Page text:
Vancouver-based portfolio manager and chartered financial analyst Elvis Picardo takes a look at recent market volatility and finds two stocks, both already giants in their sectors, as the two best stocks to buy now. And despite their size, each has significant growth opportunities.
The recently roiling markets, stirred up by heated trade-related rhetoric, suggest they may have reached a turning point, away from their placid and ever-expanding state in 2017. Investing professional Elvis Picardo says that, accordingly, it pays to be defensive.
Mr. Picardo is a Vancouver-based chartered financial analyst, chartered investment manager, and portfolio manager with HollisWealth, a division of Industrial Alliance Securities. “Market volatility has definitely surged since February, making the solid start to the year in January seem like a distant memory,” he says.
As of early April, the major US indexes were about 10 per cent lower than the record highs set in January. On Monday, April 2, the S&P 500 closed at less than its 200-day moving average of 2,600 for the first time since June 2016, and then repeated the feat on Friday, April 6. Meanwhile, the United States and China have each imposed tariffs on the other’s exports, as well as promised more to come.
Worries that US interest rates will rise have also taken their toll on market sentiment. The analyst adds: “Of course in Canada we still have to worry about the NAFTA renegotiation.” Mr. Picardo points out that these factors all existed before the recent pullback; the difference now is that they have
become part of investors’ decision-making whereas they were largely ignored
Earnings growth will continue
However, he also notes that based on fundamental economic indicators, “Earnings growth in most countries will occur,” including the US. “The consensus is that there are enough tailwinds to keep the markets moving higher from these levels,” he says. In fact, the consensus is for 2018 US corporate earnings to rise 2.5 per cent to three per cent higher than last year.
Summing up, the analyst says: “People are still hoping that this is the start of the negotiating phase rather than a full-blown trade war. If we don’t have a full-blown trade war . . . then hopefully the TSX benefits.” If the cross-Pacific trade conflict escalates, US technology is in a position to lose, which could have farther-reaching effects, he warns. “It’s been one of the leaders in the slow rally over the last nine years.”
Defence is the order of the day
In light of this somewhat uncertain environment, Mr. Picardo goes on defence, selecting a major Canadian utilities stock and a worldwide payment juggernaut that nevertheless boasts strong growth potential, Hydro One Ltd. (TSX—H) and financial stock Visa Inc. (NYSE—V), as his ‘best buys’.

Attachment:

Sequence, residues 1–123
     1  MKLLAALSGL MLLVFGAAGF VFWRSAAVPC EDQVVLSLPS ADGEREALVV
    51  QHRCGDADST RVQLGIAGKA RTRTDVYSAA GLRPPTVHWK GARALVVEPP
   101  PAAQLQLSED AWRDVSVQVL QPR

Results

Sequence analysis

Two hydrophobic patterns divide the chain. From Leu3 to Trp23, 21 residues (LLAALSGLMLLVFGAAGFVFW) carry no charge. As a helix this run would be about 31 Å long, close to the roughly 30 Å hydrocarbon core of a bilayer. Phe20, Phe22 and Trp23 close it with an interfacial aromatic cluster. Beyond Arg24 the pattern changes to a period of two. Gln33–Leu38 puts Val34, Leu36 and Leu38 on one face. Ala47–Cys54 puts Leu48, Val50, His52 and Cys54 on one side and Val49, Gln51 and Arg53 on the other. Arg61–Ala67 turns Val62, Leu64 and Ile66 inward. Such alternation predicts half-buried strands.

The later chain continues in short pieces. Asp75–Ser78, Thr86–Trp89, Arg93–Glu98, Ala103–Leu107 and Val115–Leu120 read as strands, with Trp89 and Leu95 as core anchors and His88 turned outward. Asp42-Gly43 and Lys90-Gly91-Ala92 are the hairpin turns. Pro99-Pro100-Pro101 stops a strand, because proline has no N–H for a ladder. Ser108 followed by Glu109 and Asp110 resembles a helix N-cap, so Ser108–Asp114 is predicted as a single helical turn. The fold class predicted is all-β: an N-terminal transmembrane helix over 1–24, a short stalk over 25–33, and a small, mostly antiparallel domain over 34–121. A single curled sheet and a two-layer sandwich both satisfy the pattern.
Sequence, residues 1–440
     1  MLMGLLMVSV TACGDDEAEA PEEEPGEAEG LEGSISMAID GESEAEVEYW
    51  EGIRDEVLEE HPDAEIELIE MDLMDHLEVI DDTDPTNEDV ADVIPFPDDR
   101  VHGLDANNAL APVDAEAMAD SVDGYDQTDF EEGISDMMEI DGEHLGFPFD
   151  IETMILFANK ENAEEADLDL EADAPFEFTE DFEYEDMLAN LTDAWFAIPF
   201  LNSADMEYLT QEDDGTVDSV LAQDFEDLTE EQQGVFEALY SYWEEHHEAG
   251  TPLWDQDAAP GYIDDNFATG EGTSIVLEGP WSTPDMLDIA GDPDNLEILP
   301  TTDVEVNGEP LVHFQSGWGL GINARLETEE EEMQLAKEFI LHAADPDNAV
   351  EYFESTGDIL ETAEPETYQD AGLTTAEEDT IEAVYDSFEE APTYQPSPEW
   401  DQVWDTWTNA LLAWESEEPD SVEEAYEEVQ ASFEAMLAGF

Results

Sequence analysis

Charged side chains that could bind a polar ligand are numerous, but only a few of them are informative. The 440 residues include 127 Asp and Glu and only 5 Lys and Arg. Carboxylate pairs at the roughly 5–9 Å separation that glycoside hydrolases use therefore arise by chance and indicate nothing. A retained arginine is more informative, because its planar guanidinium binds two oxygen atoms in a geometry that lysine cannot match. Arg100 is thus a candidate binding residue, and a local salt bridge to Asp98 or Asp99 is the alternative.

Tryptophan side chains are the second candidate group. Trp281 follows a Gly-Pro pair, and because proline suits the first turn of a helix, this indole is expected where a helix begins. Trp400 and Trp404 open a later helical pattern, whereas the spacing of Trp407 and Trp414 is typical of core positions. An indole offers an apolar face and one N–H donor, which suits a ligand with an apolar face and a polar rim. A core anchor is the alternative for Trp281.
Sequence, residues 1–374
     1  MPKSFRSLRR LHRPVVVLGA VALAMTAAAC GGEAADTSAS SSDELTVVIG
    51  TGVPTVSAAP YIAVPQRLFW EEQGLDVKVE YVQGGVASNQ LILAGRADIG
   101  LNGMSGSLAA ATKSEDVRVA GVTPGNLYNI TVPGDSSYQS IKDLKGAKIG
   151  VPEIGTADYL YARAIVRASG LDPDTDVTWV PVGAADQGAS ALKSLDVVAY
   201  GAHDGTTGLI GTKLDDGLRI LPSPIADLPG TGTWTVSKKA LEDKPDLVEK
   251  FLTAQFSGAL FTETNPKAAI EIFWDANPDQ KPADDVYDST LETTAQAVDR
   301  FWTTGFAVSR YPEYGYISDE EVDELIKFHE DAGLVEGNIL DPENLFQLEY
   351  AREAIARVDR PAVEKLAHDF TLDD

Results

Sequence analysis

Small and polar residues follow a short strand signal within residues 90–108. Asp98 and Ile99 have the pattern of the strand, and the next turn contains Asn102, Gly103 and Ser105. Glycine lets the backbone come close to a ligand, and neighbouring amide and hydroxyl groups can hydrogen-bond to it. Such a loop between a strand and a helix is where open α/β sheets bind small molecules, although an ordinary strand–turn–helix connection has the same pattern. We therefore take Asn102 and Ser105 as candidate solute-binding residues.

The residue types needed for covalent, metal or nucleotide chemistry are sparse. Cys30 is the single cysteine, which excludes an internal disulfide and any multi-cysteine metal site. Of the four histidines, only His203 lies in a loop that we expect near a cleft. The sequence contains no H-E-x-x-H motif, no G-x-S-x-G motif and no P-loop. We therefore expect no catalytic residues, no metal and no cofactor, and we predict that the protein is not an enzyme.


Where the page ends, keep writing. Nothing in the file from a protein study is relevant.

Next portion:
Hydro One is one of the largest electric utilities in North America. The company’s transmission network serves almost all of Ontario, which contains 38 per cent of Canada’s population.
The analyst notes that 99 per cent of its revenue comes from regulated operations. Since it passes on the cost of electricity directly to consumers, Hydro One has very little exposure to commodity prices. At the same time, it boasts an ‘A’ credit rating and has set a target dividend payout ratio of 70 per cent to 80 per cent. The utility’s current quarterly dividend of $0.22 per share translates to a 4.2 per cent yield annually.
Hydro One will take over US utility Avista Corp. in its first major acquisition, expected to close in 2018’s latter half. Avista serves five US states and will increase Hydro One’s assets by about 37 per cent, to $35 billion. Industrial Alliance recommends Hydro One as a ‘buy’ with a $26 target share price for stable business, projected earnings growth through 2021, and a healthy dividend yield.
The company is also building up an unregulated fibre-optic business, which in 2017 contributed $70 million in revenue and $18.5 million in earnings before interest, taxes, depreciation and amortization (EBITDA).
Global juggernaut is seen as a growth stock
Visa is known (sometimes too well) to borrowers as one of the world’s largest electronic payments networks, processing close to US$9 trillion in transactions in 2016. “We began to acquire stock in the low $80s for clients, as of the beginning of 2017,” says Mr. Picardo. The financial stock peaked at more than 50 per cent higher in January, at US$126.88 per share, before retreating slightly. The analyst attributes the recent decline to profit-taking.
Visa has indicated that it will grow fiscal 2018 revenue by seven per cent to nine per cent. The first fiscal quarter numbers (which coincided with the 2017 holiday season) bore out the trend, with operating revenue up nine per cent year-over-year on strong US results. “Despite its size, it’s more of a growth story than a dividend play,” says Mr. Picardo.
“It’s been such a dominant player along with MasterCard. We’re becoming a cashless society. These two companies tend to benefit a lot from this big secular trend.” Perhaps illustrating its room to keep growing on this trend, Visa last split its shares four-for-one in 2015.
(Disclosure: Industrial Alliance Securities is a member of Hydro One’s underwriting syndicate.)
This is an edited version of an article that was originally published for subscribers in the April 27, 2018, issue of Investor’s Digest of Canada. You can profit from the award-winning advice subscribers receive regularly in Investor’s Digest of Canada.
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